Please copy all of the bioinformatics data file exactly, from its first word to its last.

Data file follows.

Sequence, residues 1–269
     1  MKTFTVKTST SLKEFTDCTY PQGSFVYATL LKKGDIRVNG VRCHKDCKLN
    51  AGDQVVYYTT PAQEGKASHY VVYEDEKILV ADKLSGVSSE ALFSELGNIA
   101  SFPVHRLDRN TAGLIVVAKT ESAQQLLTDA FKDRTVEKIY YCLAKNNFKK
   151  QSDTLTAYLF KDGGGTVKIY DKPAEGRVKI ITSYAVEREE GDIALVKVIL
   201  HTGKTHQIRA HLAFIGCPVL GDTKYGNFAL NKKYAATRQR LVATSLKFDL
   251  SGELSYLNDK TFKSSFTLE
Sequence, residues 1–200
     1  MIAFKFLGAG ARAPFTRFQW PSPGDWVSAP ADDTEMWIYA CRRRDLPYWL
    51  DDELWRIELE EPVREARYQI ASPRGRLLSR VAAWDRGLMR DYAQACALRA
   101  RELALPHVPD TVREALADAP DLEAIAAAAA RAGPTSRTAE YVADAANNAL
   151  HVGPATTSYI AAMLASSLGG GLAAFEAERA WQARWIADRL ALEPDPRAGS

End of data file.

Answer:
Sequence, residues 1–269
     1  MKTFTVKTST SLKEFTDCTY PQGSFVYATL LKKGDIRVNG VRCHKDCKLN
    51  AGDQVVYYTT PAQEGKASHY VVYEDEKILV ADKLSGVSSE ALFSELGNIA
   101  SFPVHRLDRN TAGLIVVAKT ESAQQLLTDA FKDRTVEKIY YCLAKNNFKK
   151  QSDTLTAYLF KDGGGTVKIY DKPAEGRVKI ITSYAVEREE GDIALVKVIL
   201  HTGKTHQIRA HLAFIGCPVL GDTKYGNFAL NKKYAATRQR LVATSLKFDL
   251  SGELSYLNDK TFKSSFTLE
Sequence, residues 1–200
     1  MIAFKFLGAG ARAPFTRFQW PSPGDWVSAP ADDTEMWIYA CRRRDLPYWL
    51  DDELWRIELE EPVREARYQI ASPRGRLLSR VAAWDRGLMR DYAQACALRA
   101  RELALPHVPD TVREALADAP DLEAIAAAAA RAGPTSRTAE YVADAANNAL
   151  HVGPATTSYI AAMLASSLGG GLAAFEAERA WQARWIADRL ALEPDPRAGS